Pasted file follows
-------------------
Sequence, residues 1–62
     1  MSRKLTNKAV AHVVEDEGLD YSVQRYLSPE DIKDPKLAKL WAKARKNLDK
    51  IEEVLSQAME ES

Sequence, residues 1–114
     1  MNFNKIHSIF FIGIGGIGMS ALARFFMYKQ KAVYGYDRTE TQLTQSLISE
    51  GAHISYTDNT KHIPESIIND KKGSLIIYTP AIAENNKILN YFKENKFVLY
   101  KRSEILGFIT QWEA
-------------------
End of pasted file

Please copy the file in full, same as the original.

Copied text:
Sequence, residues 1–62
     1  MSRKLTNKAV AHVVEDEGLD YSVQRYLSPE DIKDPKLAKL WAKARKNLDK
    51  IEEVLSQAME ES

Sequence, residues 1–114
     1  MNFNKIHSIF FIGIGGIGMS ALARFFMYKQ KAVYGYDRTE TQLTQSLISE
    51  GAHISYTDNT KHIPESIIND KKGSLIIYTP AIAENNKILN YFKENKFVLY
   101  KRSEILGFIT QWEA